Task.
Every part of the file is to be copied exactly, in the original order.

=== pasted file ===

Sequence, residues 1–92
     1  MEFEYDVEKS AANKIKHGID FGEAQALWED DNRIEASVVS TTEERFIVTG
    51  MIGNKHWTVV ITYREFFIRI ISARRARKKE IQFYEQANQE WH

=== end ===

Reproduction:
Sequence, residues 1–92
     1  MEFEYDVEKS AANKIKHGID FGEAQALWED DNRIEASVVS TTEERFIVTG
    51  MIGNKHWTVV ITYREFFIRI ISARRARKKE IQFYEQANQE WH